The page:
You wake slowly, your eyes adjusting to the dim shadows of the morning. You lie still under the weight of the layers of bedcovers and the sleep you are still rising from. The air is pregnant with anticipation, like relatives crowded into a hospital waiting room.
Yes, you remind yourself, it is Christmas morning.
I’m someone who very much believes in the magic of Christmas. Not in the Santa-put-presents-under-the-tree kind of magic, but the magic of a world somehow made new through the birth of baby in a manger.
And this Christmas, more than any previous year, I am struck by the culture-defying radicalness of: God – the infinite Creator – not simply being contained in a physical body, but choosing to be born a carpenter.
He could have been born a religious leader, a political ruler, or even a tradesmen.
But he chose the slow work of hand-to-tool, tool-to-wood chiseling.
He chose carpentry.
Wendell Berry has recently become one of my favourite authors, mostly because he writes beautifully on agrarianism and its integration with faith.
He writes on how we have removed pleasure from work and instead turned work into drudgery. When in fact God created Adam to work and cultivate the garden. Work is part of the essence of man.
In order to have leisure and pleasure, we have mechanized and automated and computerized our work. But what does this do but divide us ever more from our work and our products — and, in the process, from one another and the world? What have farmers done when they have mechanized and computerized their farms? They have removed themselves and their pleasure from their work.
The nearly intolerable irony in our dissatisfaction is that we have removed pleasure from our work in order to remove “drudgery” from our lives.
-Wendell Berry, “The Art of the Commonplace”
We invent more machines to do work more efficiently, and in the process, lose the joy of putting pencil to paper, of kneading bread, of touching soil.
The Greeks believed that the goal of human beings was to become like their gods who were solitary, self-sufficient and uninvolved in the world, Tim Keller writes in “Every Good Endeavor”, and so they strove to free themselves from menial labor and devote themselves solely to contemplation.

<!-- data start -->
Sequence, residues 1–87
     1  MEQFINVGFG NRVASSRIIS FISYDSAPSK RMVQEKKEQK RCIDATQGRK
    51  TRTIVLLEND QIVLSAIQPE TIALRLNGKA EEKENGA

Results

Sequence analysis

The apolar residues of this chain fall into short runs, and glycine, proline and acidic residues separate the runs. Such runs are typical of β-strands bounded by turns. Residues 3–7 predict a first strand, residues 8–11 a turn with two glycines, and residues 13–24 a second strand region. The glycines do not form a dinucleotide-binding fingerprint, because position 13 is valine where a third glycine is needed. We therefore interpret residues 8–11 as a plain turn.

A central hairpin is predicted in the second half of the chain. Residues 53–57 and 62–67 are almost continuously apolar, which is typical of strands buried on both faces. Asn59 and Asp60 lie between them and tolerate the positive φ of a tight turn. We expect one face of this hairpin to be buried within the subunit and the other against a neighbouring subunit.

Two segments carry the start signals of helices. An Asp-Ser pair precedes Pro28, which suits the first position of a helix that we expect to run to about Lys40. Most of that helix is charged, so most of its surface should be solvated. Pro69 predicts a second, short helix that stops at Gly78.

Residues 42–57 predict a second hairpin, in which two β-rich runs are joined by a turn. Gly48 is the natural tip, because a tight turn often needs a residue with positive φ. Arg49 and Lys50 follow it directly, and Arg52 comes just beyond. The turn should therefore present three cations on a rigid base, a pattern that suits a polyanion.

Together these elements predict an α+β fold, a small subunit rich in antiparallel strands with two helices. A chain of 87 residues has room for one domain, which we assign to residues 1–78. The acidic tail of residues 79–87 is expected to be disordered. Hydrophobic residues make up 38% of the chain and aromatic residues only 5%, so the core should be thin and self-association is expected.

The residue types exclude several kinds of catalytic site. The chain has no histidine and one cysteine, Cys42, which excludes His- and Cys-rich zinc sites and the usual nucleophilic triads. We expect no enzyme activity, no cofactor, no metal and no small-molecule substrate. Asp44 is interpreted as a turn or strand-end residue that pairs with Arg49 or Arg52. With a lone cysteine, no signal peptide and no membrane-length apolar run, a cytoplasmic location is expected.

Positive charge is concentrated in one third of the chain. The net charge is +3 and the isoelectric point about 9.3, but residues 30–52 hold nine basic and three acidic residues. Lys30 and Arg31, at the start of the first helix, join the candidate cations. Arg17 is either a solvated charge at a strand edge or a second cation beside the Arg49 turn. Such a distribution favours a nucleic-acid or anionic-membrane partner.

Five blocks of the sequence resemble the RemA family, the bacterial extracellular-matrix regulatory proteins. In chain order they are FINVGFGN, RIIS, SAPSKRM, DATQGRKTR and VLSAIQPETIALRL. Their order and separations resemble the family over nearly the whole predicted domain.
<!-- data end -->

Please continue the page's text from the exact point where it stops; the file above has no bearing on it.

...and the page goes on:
But, listen you who are weary of work, our God is not a greek God.
He is not above menial labor. In fact, He chose to enter into that labor.
He chose to sweat salty in sweltering Mediterranean heat. He chose to hammer nails into unwieldy wood, one blow at a time.
He chose the splinters.
We often say that Jesus’ ministry started when he was around 30, with the baptism by John in the Jordan.
I think Jesus’ ministry started with when he was born –
Because even though we know not much about his years growing up, I’d like to think that Jesus showed people what it meant to work faithfully, with joy.
He was redeeming people’s disdain of labor, showing us that maybe the slow work of making the raw beautiful is exactly the way God intended it to be.
So, this Christmas, I’m thinking about the joy of physical, seemingly menial, labor.
Of cleaning. Decluttering my closet and getting rid of outfits I don’t wear anymore. Folding skirts and tucking them away in wire drawers.
Of snowblowing. My face numb from the flurry of snow hurling towards it as I soldier bravely forward.
Of cooking. My hands wet and spice-ful from massaging chicken thighs with turmeric and coconut milk.
The days following Christmas, the Almighty God was trained to chisel raw, splintered wood into chairs.
And I pray that in the days following this Christmas, He teaches me how to partner with Him in this slow reordering of a broken world. Even if it may be through labor the world may deem mundane and routine.
I want to declare with each fold of laundry, each making of bed, each baking of chicken – that yes, the carpenter is here.
Yes, He has come.